Book Review: Modern Trout Fishing by Boots Allen

Its no secret to those who know me that I have a bit of a problem when it comes to books. I read lots of them. When I look at my monthly budgets, I have to limit my spending in the book category more often than most people, and that’s just something I’ve had to learn to deal with. So naturally, when it comes to fly fishing I’ve got a pretty serious collection. I’ve given a lot of my books away to new anglers, and some of the classics I’ve bought, given away, and re-bought. Right away when I received my copy of “Modern Trout Fishing: Advanced Tactics & Strategies for Today’s Fly Fisher” by renowned Jackson, Wyoming guide Boots Allen, I knew it was one that I would want to share with my fellow anglers.

If you fish in the west, you need this book. An excellent perspective on fishing from a modern master.

Boots Allen is a third generation fly guy, and his guiding chops are bolstered by his three-time high scores in the annual Jackson Hole One-Fly Contest, among other accolades. He’s the kind of guide you want to hire: knowledgable, skilled, and incredibly eager to pass on his knowledge to his guests. Lucky for readers, this same straightforward skill comes through in his writing, and this is one of those rare books that work for beginners and experts alike.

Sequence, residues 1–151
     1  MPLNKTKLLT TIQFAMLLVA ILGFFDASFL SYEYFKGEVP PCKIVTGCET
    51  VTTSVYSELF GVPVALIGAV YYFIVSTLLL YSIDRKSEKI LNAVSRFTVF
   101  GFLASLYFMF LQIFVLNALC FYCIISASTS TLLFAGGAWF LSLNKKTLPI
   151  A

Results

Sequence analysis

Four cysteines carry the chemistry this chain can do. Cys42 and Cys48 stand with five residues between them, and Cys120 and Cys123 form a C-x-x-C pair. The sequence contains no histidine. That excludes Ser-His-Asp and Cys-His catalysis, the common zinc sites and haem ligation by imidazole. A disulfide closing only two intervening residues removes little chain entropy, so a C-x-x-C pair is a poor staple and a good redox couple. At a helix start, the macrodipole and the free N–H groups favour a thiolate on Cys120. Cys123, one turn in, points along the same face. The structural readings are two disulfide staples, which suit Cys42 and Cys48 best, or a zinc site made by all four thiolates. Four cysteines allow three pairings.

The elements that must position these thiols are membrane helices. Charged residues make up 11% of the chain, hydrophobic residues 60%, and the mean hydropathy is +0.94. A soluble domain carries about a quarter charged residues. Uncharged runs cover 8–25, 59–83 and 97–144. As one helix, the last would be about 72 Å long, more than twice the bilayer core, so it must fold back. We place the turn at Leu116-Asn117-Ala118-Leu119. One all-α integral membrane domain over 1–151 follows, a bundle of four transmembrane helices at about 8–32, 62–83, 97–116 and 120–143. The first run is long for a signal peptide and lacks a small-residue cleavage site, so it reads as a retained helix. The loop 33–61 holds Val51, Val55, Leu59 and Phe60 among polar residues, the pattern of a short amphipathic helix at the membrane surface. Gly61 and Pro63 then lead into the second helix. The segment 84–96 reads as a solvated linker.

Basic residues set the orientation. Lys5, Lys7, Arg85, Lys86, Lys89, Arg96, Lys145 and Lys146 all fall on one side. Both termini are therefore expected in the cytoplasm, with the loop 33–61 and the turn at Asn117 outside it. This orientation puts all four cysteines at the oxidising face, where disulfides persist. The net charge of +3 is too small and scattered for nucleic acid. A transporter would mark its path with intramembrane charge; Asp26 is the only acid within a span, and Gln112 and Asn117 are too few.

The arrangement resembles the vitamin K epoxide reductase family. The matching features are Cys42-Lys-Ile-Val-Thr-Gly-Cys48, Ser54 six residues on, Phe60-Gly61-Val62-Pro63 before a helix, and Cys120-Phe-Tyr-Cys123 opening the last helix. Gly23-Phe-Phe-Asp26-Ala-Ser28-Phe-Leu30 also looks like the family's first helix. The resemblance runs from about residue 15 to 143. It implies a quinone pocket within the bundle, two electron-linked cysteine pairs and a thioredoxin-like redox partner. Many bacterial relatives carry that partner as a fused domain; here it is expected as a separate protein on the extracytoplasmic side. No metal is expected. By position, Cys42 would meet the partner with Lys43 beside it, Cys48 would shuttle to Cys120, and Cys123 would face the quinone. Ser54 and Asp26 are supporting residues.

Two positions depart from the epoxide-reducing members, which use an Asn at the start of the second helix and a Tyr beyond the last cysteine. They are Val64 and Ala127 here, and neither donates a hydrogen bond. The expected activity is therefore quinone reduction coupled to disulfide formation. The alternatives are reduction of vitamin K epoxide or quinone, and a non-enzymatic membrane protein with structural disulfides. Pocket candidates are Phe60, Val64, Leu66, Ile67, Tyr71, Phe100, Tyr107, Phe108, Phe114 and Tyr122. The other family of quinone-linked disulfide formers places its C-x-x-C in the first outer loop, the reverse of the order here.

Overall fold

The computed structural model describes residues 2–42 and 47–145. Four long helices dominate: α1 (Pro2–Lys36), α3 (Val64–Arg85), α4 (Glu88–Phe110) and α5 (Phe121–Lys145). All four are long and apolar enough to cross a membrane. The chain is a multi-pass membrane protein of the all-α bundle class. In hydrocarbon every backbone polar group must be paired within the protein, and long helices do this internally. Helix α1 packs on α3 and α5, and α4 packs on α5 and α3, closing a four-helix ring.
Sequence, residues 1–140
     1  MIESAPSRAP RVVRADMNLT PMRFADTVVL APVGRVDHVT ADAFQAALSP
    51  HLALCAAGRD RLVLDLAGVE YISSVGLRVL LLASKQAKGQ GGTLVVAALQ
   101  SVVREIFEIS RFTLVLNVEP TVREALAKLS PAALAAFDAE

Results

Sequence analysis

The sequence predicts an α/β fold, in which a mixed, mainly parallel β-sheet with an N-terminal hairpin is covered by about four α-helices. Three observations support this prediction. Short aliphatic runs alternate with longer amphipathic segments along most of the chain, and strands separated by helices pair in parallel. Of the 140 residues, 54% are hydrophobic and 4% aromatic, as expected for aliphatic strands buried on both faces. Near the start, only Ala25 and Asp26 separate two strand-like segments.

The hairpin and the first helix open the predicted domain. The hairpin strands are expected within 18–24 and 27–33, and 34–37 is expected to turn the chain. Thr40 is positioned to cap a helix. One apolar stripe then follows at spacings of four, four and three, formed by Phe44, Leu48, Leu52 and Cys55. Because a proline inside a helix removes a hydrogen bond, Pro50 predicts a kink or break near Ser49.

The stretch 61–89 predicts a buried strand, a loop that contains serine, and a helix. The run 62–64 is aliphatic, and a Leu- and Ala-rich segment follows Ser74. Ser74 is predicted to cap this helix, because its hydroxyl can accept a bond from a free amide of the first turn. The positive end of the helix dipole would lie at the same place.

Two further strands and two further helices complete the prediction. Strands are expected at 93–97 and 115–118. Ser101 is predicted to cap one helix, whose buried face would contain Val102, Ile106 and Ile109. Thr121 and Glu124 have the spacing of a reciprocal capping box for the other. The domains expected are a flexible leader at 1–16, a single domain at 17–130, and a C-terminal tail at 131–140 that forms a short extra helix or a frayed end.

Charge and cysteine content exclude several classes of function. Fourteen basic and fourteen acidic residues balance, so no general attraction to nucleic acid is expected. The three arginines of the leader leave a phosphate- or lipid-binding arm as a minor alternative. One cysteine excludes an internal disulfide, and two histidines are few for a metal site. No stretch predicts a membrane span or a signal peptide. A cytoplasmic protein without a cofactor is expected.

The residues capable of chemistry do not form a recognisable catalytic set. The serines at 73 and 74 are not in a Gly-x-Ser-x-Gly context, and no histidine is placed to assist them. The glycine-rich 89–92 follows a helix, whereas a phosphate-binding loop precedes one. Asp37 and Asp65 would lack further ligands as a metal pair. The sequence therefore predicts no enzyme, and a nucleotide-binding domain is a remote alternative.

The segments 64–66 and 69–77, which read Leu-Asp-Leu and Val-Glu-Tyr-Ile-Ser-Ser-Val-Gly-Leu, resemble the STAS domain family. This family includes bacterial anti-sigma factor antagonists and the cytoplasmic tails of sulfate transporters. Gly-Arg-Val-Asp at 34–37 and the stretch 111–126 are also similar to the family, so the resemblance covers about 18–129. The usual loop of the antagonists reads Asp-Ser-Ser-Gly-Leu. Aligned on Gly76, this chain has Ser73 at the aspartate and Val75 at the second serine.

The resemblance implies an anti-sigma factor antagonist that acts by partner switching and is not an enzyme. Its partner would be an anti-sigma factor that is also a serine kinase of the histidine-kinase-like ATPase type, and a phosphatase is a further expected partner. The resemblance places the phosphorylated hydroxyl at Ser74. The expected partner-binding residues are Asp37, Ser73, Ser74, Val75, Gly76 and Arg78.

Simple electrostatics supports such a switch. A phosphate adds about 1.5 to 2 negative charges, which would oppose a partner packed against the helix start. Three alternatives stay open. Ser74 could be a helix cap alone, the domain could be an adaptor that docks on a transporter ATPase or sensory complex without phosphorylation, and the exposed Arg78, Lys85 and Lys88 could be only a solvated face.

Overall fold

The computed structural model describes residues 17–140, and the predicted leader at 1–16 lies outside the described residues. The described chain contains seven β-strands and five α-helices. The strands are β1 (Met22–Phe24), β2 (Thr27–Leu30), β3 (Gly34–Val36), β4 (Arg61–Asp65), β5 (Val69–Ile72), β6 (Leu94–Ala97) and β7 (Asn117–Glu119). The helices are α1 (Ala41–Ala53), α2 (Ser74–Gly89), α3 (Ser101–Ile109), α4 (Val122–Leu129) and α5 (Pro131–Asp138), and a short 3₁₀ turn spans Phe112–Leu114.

The book itself, produced by Lyons Press, is a study, easy size and holds up to the coffee table toss and numerous skimmings that come from having it around a fly shop.

Boots explains things like holding water and trout senses with ease, and in clear chunks of information that can be immediately put into use when you’re at the river. Nymphing, dry fly fishing and streamer fishing are all touched on, and these aren’t just rehashes of the same old standard advice.  Instead, Boots puts his more than 30 years of guide experience into explaining new approaches to these techniques and does it well. Toss in a few guide patterns and some excellent further resources and you’ve got a great book for any angler to keep around.
Of particular interest to me, and something that is rare in the fly fishing book category is Boot’s care to address the conservation issues that are crucial for the continuation of our sport in the west. An afterword dedicated to these subjects makes a great argument toward why these things should matter to anyone who swings a fly rod. In short, you need this book on your shelf.

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